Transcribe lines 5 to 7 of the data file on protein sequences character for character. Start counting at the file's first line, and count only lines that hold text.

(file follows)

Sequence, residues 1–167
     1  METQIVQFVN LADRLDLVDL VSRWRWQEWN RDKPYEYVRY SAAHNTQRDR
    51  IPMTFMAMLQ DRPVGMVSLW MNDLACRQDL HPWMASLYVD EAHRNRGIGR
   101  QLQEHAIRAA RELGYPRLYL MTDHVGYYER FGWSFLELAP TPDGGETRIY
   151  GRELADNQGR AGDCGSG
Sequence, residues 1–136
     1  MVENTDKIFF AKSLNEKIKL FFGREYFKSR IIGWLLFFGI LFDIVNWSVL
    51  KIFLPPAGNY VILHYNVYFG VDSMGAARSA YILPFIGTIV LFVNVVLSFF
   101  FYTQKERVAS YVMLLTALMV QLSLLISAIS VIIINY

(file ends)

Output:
   151  GRELADNQGR AGDCGSG
Sequence, residues 1–136
     1  MVENTDKIFF AKSLNEKIKL FFGREYFKSR IIGWLLFFGI LFDIVNWSVL